Child custody concerns are some of the most difficult that family law addresses, and if you have a child custody case, having a better understanding of child custody laws in California can help. Because – when it comes to child custody – the issue is too important to leave to chance, working closely with an experienced California child custody attorney is in your and your child’s best interest.
In the State of California, either parent can have sole custody of the children, or both parents can share custody. If you and your children’s other parent are able to negotiate a parenting plan you both find acceptable, the court is very likely to incorporate this plan into your custody terms. If not, however, you’ll need the court to intervene on your behalf regarding the matter.
California addresses both legal custody and physical custody. Legal custody concerns itself with who will be making the primary parenting decisions on behalf of your children. This can be either sole (one of you makes these major decisions on your own) or joint (you share this decision-making authority). The kinds of decisions involved include:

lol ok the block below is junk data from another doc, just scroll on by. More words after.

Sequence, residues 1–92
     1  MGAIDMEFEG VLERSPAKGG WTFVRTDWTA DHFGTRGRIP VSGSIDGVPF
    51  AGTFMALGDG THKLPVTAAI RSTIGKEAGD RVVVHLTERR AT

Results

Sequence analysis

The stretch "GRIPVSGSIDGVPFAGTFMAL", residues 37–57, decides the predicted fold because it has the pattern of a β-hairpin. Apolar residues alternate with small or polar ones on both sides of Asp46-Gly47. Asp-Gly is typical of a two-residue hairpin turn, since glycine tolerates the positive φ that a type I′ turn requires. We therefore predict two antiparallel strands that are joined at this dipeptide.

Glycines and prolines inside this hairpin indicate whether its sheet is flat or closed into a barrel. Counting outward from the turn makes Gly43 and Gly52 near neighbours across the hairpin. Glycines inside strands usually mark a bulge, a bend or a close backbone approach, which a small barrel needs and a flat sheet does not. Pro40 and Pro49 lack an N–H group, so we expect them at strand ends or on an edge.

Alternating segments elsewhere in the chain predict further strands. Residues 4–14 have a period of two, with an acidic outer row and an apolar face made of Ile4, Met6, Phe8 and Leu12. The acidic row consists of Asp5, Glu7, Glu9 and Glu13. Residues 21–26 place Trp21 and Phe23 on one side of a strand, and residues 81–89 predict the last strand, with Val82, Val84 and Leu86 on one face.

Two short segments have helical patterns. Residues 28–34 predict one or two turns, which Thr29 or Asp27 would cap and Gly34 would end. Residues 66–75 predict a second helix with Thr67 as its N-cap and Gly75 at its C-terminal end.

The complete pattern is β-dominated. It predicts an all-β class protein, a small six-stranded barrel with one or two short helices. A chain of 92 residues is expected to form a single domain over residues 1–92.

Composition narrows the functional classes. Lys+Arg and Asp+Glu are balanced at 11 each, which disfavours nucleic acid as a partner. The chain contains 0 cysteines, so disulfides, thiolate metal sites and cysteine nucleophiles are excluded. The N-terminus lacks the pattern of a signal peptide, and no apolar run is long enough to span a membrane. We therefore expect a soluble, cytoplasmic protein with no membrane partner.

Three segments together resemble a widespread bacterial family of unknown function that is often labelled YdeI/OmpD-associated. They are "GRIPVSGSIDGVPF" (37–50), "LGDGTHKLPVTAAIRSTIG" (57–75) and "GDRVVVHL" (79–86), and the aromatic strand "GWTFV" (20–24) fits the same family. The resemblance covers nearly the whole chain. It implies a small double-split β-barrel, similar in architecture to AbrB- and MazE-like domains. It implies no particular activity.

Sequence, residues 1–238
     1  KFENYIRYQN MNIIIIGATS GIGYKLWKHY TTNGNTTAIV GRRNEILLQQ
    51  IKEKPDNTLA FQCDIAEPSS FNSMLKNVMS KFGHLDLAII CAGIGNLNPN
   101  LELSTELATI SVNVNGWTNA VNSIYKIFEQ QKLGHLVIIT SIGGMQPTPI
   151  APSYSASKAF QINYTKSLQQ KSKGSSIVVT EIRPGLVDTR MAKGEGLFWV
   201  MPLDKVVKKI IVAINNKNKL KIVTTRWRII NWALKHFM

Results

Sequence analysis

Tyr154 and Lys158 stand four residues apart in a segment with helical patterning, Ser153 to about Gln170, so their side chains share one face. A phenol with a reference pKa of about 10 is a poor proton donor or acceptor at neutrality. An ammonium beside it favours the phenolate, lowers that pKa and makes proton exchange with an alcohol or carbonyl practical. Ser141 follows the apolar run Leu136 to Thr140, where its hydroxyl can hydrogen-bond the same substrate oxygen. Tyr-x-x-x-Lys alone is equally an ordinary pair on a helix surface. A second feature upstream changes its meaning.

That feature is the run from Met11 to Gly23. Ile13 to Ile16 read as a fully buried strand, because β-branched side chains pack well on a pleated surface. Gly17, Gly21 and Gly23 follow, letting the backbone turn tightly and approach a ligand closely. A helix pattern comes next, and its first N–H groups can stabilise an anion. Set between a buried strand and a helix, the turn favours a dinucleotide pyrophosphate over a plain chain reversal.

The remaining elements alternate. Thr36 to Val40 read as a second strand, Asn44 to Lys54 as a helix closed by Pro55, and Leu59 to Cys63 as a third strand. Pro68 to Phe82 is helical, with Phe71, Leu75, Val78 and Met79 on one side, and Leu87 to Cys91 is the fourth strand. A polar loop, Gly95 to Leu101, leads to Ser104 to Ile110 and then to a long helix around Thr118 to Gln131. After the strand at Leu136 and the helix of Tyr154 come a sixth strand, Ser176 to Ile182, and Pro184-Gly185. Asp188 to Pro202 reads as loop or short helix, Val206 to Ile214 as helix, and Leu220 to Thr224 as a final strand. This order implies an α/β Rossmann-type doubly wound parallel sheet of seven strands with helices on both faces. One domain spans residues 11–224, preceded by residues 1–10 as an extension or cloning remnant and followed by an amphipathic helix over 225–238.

If you have sole legal custody, you have the authority to make these primary decisions on your own, but to avoid conflict and to demonstrate your respect for one another’s importance as a co-parent, communication and cooperation with the other parent are well advised.
Physical custody concerns itself with how both parents divide their time with their children. Sole custody refers to when children spend the majority of their time with one parent while the other parent has what is called a parenting time (or visitation) schedule. When parents have joint physical custody, it does not necessarily mean that the children divide their time exactly evenly between both parents (usually due to scheduling challenges). The parent who has the kids more than half the time is often referred to as the primary custodial parent.
In some instances, parents are granted joint legal custody, which means they make the important parenting decisions together, while only one parent has sole physical custody. In these circumstances, the parent who does not have physical custody generally has a visitation schedule.
Visitation schedules are classified in the following ways:
If you have a child custody concern, the accomplished California child custody attorneys at Miranda, Magden & Miranda, LLP, are well positioned and well prepared to help. Your case is important, so please don’t hesitate to contact us for more information today.
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